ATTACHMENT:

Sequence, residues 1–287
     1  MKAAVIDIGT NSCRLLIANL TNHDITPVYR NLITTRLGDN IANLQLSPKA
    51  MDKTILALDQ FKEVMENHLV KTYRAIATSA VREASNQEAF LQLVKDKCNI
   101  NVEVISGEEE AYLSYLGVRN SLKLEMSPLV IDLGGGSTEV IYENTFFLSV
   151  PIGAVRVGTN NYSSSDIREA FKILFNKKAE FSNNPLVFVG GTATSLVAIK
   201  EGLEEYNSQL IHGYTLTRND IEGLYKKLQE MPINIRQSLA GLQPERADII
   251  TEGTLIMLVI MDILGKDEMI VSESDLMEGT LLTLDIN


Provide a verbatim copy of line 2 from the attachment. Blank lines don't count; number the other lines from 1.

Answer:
     1  MKAAVIDIGT NSCRLLIANL TNHDITPVYR NLITTRLGDN IANLQLSPKA